CAN DIALOGUE NOT RESOLVE THE ARTICLE 10 IMPASSE?
Though the recent memorandum of understanding between government and the opposition under the leadership of Facilitation Team Leader retired Justice Dikhang Moseneke marked an end to the latest pull-out threat by opposition in the highly anticipated reforms process, it has met serious objection from some quarters in the Basotho populace that it is unconstitutional, is a smart way of subverting ends of justice and therefore unacceptable.
The article provides moratorium on the criminal cases facing Leader of Lesotho Congress for Democracy and the similarly placed persons. The fear is that doing so may lead to the total neglect of the cases as politicians may use reforms to negotiate, legalise and therefore glorify their impunity. On the basis of this threat some people resorted to court. The decision of the court is likely to either uphold or declare article 10 unconstitutional. In both circumstances the reforms would be affected negatively. For those who value inclusivity, the manner in which this impasse is resolved should ensure that all parties stay put in the process. Following the public debate, it would be a tint if the court can rule out fear of families and those related to the victims. In fact reconciliation that disregards victims is oppression and will not heal. On the other hand, Lesotho cannot wait, reforms must start. This calls for a win-win solution which is more likely with dialogue than litigation route hence the question can dialogue help resolve this impasse?
DPE believes that dialogue as a form of resolving differences has opportunity than any other form to provide a solution that considers interests at stakes and the future desired. The nature of reforms is not yet agreed and the possibility is that it may take long or even end up in the manner feared by the “victims”. Can Leaders’ Forum and even National Multi-stakeholder Dialogue agree on the time-conscious planning that allows for short term, medium and long term categories. If this is done then in the short term it could be only critical issues related to the stability of governance namely clarity on formation of government, no election in the period less than five years, regulation of floor crossing and motion of floor crossing. In this case the anticipated moratorium can be applicable in the short term which should not be more than 3 months. In this period it is understood that the situation would have improved and the threat to the safety of the exiled leaders would been effectively dealt with.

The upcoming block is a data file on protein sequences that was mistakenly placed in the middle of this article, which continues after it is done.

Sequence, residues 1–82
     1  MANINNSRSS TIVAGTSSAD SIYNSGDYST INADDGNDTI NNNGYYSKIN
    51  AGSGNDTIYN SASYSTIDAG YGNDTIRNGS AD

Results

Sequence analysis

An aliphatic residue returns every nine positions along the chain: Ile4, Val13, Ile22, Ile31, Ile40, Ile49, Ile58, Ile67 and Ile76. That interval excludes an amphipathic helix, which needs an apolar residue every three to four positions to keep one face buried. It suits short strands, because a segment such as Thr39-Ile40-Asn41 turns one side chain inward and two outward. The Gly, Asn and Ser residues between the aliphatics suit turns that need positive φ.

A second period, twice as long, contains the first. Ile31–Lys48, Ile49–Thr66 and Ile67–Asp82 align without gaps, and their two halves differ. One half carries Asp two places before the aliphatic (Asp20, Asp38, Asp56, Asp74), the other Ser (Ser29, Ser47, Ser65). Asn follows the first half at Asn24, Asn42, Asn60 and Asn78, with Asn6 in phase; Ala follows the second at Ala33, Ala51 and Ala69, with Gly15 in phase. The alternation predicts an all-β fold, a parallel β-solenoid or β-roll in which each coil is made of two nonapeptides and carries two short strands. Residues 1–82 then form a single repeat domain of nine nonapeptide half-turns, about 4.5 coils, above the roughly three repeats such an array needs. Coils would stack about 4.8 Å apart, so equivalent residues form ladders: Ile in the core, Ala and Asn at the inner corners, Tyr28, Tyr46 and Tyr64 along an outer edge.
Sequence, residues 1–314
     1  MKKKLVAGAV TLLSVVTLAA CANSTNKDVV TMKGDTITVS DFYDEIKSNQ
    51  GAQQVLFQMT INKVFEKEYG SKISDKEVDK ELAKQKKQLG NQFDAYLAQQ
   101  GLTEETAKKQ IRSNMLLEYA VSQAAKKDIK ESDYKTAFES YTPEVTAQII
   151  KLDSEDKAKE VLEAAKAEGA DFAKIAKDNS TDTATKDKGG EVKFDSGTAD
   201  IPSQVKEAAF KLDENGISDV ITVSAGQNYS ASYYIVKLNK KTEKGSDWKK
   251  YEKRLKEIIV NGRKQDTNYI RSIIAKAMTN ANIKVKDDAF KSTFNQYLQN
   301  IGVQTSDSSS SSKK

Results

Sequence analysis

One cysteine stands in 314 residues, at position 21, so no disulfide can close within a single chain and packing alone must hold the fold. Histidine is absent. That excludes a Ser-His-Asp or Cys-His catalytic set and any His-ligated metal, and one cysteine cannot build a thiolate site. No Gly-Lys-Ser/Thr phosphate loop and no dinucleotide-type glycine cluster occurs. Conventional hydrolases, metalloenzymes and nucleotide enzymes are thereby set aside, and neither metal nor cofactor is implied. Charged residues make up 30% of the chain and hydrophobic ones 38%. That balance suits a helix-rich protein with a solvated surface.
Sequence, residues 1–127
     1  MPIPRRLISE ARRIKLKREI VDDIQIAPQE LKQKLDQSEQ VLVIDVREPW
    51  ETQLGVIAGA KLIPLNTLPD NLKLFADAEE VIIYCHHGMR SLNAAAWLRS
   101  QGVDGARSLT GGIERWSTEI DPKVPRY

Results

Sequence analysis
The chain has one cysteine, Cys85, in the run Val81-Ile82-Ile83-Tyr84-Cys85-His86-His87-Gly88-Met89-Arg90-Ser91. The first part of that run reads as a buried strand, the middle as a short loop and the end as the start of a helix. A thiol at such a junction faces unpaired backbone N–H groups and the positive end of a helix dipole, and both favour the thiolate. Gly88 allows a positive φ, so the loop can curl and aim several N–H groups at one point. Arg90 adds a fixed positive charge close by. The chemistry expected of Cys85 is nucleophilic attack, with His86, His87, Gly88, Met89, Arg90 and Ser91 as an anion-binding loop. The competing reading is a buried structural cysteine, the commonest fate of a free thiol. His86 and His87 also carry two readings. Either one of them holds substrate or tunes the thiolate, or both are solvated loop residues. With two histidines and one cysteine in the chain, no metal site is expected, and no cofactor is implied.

Dialogue is the very first among eight principles on which culture of peace is based. Two decades ago culture of peace was defined as ‘a set of values, attitudes, modes of behaviour and ways of life that reject violence and prevent conflicts by tackling their root causes to solve problems through dialogue and negotiation among individuals, groups and nations (UN,1999: Resolution A/RES/53/243, Declaration and Programme of Action on a Culture of Peace).